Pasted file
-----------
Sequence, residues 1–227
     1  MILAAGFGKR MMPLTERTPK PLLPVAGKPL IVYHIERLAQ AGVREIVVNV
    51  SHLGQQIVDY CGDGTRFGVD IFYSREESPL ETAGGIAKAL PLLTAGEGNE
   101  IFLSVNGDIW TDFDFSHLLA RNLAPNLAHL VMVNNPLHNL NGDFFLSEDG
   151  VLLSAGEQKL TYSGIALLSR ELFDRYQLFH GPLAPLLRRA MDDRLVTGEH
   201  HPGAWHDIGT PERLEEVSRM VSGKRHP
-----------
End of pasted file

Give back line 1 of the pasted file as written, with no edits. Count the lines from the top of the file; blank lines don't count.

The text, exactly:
Sequence, residues 1–227